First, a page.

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Protesters in Mexico City mark 6-month anniversary of students' disappearance
Half a year after the disturbing disappearance of 43 young Mexicans in the town of Iguala in the state of Guerrero, there is still no consensus as to what exactly happened to them and people's anger lingers. And now relatives of the students and their supporters are demanding that June 7 elections in the state be postponed.
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Thousands gathered in Mexico City on Thursday to mark 6 months since the disappearance of 43 students in the town of Iguala, in the crime-ridden state Guerrero. Many other issues have come into play, such as government corruption. These protesters have the words, "It was the state" written over their mouths. (Photo: Diane Jeantet/Fox News Latino)

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People march to mark the six-month anniversary of the disappearance of 43 rural teachers college students, in Mexico City, Thursday, March 26, 2015. Angry citizens and parents of the 43 missing students urged the country not to abandon them. On Thursday, the Attorney General's Office issued a statement reiterating that the government had conducted a transparent and exhaustive investigation. Federal investigators say local police handed the students over to a drug gang, which killed them and incinerated their remains. (AP Photo/Rebecca Blackwell)

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The government said in January that there was enough evidence to close the investigation into the studentsâ disappearance.Marches were organized in municipalities throughout the country, and many protesters traveled from afar to join the one in Mexico City. (Photo: Diane Jeantet/Fox News Latino)

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"Hasta la madre" is slang for âWe are fed up with you.â Calls for President Enrique Peña Nieto's resignation are commonplace among the demonstrators. (Photo: Diane Jeantet/Fox News Latino)

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The government says the 43 missing students were murdered by a criminal gang that burned their remains and dumped them in a river. Relatives refuse to accept the official version, however, and are asking that the case remain open. (Photo: Diane Jeantet/Fox News Latino)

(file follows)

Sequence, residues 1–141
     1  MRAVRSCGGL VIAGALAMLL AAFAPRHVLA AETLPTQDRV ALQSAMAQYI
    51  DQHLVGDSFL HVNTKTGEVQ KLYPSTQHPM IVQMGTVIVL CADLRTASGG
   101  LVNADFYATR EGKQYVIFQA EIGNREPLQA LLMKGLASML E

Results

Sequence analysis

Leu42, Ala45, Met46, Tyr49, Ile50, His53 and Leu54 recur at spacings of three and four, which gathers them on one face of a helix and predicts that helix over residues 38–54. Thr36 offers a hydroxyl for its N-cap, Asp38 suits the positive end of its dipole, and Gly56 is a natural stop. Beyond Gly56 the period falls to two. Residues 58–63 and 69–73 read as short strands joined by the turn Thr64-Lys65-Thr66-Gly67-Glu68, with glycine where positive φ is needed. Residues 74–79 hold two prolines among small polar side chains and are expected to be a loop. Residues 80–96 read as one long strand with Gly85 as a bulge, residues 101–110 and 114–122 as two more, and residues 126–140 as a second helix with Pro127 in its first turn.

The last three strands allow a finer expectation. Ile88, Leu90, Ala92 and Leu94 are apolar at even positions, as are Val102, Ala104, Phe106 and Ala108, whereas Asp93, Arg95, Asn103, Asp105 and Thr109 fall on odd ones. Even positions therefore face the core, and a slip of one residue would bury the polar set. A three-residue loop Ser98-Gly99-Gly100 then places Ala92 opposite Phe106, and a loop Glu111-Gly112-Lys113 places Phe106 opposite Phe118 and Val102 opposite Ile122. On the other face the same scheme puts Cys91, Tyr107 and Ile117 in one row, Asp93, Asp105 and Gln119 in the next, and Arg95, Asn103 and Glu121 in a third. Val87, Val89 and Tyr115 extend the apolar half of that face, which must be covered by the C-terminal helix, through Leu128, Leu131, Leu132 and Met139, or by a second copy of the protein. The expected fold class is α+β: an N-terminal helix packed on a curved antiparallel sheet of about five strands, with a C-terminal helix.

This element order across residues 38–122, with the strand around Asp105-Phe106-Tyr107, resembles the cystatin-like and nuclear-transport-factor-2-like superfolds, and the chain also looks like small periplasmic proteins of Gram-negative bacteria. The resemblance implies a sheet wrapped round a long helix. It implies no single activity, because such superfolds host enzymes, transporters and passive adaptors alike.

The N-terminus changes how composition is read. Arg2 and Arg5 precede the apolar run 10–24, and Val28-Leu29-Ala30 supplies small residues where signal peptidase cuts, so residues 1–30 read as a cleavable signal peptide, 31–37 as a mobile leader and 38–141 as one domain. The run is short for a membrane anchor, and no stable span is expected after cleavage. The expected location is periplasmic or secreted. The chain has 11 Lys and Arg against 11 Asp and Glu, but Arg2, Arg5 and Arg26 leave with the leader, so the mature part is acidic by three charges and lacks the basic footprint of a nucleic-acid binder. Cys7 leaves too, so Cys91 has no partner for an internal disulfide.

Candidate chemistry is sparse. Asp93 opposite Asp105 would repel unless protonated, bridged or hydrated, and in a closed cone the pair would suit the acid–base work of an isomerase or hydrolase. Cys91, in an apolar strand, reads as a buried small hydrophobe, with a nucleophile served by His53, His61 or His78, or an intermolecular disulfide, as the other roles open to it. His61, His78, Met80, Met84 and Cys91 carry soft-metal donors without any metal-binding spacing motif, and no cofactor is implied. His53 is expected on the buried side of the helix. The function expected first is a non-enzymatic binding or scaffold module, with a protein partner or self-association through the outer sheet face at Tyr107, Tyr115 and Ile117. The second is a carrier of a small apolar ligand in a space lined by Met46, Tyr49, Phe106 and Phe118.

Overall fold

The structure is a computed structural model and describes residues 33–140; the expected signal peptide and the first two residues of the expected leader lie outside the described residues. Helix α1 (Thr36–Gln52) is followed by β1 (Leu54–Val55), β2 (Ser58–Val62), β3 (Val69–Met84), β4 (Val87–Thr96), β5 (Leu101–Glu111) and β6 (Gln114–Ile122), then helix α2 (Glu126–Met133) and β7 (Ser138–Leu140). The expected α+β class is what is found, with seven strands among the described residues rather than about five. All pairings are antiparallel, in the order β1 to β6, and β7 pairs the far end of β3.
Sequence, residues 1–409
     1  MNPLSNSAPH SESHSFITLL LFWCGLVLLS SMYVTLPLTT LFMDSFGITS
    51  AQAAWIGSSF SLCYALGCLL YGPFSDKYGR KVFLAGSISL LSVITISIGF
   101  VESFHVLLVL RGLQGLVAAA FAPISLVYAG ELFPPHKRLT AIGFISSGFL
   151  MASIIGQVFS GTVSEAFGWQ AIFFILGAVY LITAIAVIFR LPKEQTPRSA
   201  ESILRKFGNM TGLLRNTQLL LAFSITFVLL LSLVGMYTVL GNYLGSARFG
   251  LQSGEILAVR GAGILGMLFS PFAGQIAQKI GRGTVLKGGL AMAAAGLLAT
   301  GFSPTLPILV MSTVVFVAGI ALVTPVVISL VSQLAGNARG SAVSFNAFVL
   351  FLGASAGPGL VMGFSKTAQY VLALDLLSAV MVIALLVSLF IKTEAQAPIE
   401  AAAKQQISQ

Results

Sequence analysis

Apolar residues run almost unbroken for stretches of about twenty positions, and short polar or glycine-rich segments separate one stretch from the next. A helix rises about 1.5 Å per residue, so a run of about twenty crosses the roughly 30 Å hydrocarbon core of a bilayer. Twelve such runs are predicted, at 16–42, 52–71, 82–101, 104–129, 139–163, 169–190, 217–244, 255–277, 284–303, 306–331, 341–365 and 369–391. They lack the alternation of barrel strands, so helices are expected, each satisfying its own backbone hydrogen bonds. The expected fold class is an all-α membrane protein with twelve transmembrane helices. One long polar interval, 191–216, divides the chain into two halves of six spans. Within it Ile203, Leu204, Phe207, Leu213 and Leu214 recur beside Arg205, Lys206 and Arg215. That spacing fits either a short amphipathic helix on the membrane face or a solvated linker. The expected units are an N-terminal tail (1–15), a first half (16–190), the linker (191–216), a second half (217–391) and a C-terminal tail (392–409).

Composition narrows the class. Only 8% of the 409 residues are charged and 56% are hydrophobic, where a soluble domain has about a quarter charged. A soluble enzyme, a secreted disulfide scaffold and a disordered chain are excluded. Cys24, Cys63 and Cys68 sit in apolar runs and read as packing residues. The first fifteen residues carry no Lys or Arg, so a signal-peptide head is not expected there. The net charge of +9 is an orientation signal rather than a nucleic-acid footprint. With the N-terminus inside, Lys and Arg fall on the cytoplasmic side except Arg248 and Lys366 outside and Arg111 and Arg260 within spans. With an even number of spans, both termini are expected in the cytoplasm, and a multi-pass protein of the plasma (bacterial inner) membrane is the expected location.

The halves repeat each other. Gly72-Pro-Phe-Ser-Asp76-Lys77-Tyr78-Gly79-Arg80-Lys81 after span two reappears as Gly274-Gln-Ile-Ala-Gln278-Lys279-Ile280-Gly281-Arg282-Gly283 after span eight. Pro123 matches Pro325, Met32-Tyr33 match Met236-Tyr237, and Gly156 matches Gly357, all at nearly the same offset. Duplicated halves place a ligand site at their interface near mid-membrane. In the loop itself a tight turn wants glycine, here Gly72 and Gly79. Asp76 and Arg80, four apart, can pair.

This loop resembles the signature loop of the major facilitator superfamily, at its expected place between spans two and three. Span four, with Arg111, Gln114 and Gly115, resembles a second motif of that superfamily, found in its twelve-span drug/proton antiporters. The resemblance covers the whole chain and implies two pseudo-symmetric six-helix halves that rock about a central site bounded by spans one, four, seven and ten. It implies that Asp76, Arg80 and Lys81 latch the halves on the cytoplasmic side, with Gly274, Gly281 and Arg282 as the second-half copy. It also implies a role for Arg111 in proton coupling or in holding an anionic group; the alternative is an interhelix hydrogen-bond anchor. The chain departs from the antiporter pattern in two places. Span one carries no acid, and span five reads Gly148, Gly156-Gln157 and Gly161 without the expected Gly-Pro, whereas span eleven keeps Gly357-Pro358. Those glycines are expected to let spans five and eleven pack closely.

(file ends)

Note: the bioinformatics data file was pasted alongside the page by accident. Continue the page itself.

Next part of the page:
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This sign reads, "We are missing 43." Six months after the student's disappearance, there is still no consensus as to what exactly happened to them. (Photo: Diane Jeantet/Fox News Latino)

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The students had set off on this journey for the commemoration of the 1968 Tlatelolco massacre â another bloody incident in Mexican history in which students were killed by members of the armed forces. (Photo: Diane Jeantet/Fox News Latino)

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President Enrique Peña Nietoâs popularity sank after the Iguala case. He was criticized for his handling of the case â for instance, he never went to the site of the students' disappearance. (Photo: Diane Jeantet/Fox News Latino)

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According to official 2014 data, more than 26,000 Mexicans are missing. A number of NGOs have been asking for years that the government take a more active approach to the issue. (Photo: Diane Jeantet/Fox News Latino)

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Police forces were present at Thursdayâs demonstration, but there was no altercations with protesters. (Photo: Diane Jeantet/Fox News Latino)

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âWe donât forgetâ was grafittied on the building of Excelsior, widely seen as a government-friendly newspaper. (Photo: Diane Jeantet/Fox News Latino)

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According to Mexicoâs newspaper of record, Reforma, the administrationâs approval rating is at a low 39%. (Photo: Diane Jeantet/Fox News Latino)

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People carry a banner with the image of Mexican revolutionary Emiliano Zapata during a march to commemorate the sixth month of the disappeared 43 rural college students, in Mexico City, Thursday, March 26, 2015. Angry citizens and parents of the 43 missing students marked the six-month anniversary of their disappearance with a march of a few thousand supporters Thursday, urging the country not to abandon them. (AP Photo/Marco Ugarte)

Protesters in Mexico City mark 6-month anniversary of students' disappearance

Half a year after the disturbing disappearance of 43 young Mexicans in the town of Iguala in the state of Guerrero, there is still no consensus as to what exactly happened to them and people's anger lingers. And now relatives of the students and their supporters are demanding that June 7 elections in the state be postponed.

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